The Fog of War—The Fog of War is a superb examination of U.S. foreign policy during the Vietnam War, juxtaposed with the invasion of Iraq, through the voice of Robert McNamara. Called by some the architect of Vietnam War—including Halberstam in his book The Best and the Brightest—McNamara is intelligent, charming, learned, and almost wise. The lessons he’s learned through his former mistakes are illuminating, chilling, haunting. His mercurial intelligence leads him into some harsh self-scrutiny, and by the movie’s end his inner demons—those goddamned regrets—are exposed. Directed by the great Errol Morris, a fantastic stylist and a superb interviewer.

Michael Moore gets a gun in a bank, and examines our hysterical, and terrifying, contradictions.

Bowling for Columbine—Michael Moore is the best political filmmaker we have, a satirizing humorist with a surgeon’s eye for obscure film clips. Here he investigates America’s internal contradictions through the massacre at Columbine high school. He’s tendentious, scabrous even, and unafraid to make bold, sweeping claims. The movie sort of falters right near the end, but in its sweep and tone, it captures the feeling of the early 2000s in the way that is indispensable. It’s funny, shocking, but always entertaining. Unforgettable.

A film of lust, yearning and unparalleled beauty.

9. In the Mood for Love/Cache—An unabashed blast of romantic yearning. Wong Kar-Wai is one of the great filmmakers, but he’s made a number of mediocre films. This is, alongside Chungking Express, his best film, a beautiful meditation on lust and almost-love. Two neighbors discover their respective spouses have left them for each other. They re-enact their ex-lovers’ courting, and begin a sly courtship of their own. The simplicity of the story belies the magic, the titillating artifice, the glamour and the period details that make this a bewitching movie experience. Moody, erotic, and powerful.

History isn’t just in the past, it carries an axe.

Cache—The turning point for Haneke, and his first great film. The movie begins with a four-minute shot of an exterior apartment. The calm steadiness of the shot first makes you squirm, then scrutinize. You begin to look for meaning. The shot, it turns out, is a videotape sent to a struggling married couple, and it’s the outside of their apartment. It’s a riff on David Lynch’s Lost Highway—Haneke is a self-professed big Lynch fan—although Haneke moves his movie into a very different direction. The video tugs at the strands of their relationship, sending the husband into his childhood memories, and into the collective guilt of France. Haneke uses his old obsessions—human cruelty, casual violence, the audience’s duplicitousness with the onscreen nastiness—to scrutinize a not-so-decent man under the microscope. A deeply unsettling and disturbing movie experience, but the first time Haneke uses his vast talents to do more than shock and satirize; here he also tells a moving story.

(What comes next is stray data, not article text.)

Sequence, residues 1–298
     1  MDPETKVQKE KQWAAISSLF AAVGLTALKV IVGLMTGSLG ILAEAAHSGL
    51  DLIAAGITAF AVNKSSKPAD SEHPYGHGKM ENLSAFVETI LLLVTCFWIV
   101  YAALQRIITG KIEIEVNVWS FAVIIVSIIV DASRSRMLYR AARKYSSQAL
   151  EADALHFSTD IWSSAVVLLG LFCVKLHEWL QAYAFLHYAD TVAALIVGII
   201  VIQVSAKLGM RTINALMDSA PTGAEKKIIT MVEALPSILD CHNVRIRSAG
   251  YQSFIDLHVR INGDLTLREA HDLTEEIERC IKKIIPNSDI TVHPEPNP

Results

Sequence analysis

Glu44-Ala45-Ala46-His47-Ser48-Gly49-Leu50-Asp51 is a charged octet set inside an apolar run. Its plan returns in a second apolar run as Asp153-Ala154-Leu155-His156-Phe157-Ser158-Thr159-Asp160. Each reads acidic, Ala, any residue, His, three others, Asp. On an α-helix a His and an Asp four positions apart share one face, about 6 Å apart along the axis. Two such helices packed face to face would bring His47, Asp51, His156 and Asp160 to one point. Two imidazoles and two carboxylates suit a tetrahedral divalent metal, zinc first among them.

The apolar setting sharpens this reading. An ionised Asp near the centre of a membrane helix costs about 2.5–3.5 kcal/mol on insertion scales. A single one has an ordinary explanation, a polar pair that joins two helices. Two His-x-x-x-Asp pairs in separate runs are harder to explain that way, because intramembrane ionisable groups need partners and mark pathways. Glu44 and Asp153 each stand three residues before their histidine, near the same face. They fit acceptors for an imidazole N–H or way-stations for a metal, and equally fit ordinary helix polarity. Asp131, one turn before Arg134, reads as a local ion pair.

Two men spend their lives pursuing an elusive killer. With kung fu and jokes.

10. Memories of Murder/The Host/Wolf Creek—Bong Joon-ho is the best of a very talented bunch of South Korean film directors, with three superior films under his belt (Mother is the third). The first was Memories of Murder, a South Korean Zodiac, the story of the first serial killer of the fledgling republic and the men who obsess over catching him. It’s haunting, thrilling, scary, and at times hilarious. Like Zodiac, the movie unfolds in docudrama style, ensnaring the viewer with the same labyrinthine complexity of a real murder case. Great acting, superior pacing.

A mutated sucker fish amok in South Korea, and one hell of a wild ride.

The HostJoon-ho’s second film is a monster movie of the finest order, probably the best of its kind since Jaws. The movie follows a city besieged by a mutated sucker fish gone amok, and an eccentric, in-fighting family trying to rescue their little sister from its lair. The same funny/scary/thrilling tone is there—and this is the hardest tone for a movie to sustain—and the movie ratchets up the unsettling discomfort into a climax of fog and fire. Much better than it sounds.

Nature offers little solace, aiding and abetting a vicious psychopathic killer.

Wolf Creek—Australia has for three decades had a strong film culture, and the 2000s were no exception. (The excellent documentary Not Quite Hollywood documents, hilariously, the country’s turn toward genre filmmaking in the 1970s.) The Box was superb, Animal Kingdom was good, but Wolf Creek was near perfection. This nightmarish horror film—think The Texas Chainsaw Massacre meets Picnic at Hanging Rock—is as much about the obliterating power of nature as it is about the perverse inner sickness that lurks in the hearts of evil men. Three students making their way through the outback breakdown near a giant crater in the desert. They are rescued by a jolly redneck, who tricks them into a murderous cat and mouse game. The movie’s viciousness is balanced by the director’s superior technical skills and a sumptuous painter’s eye for the rugged land. Beauty can eviscerate. Nature can destroy. Fascinating and intense.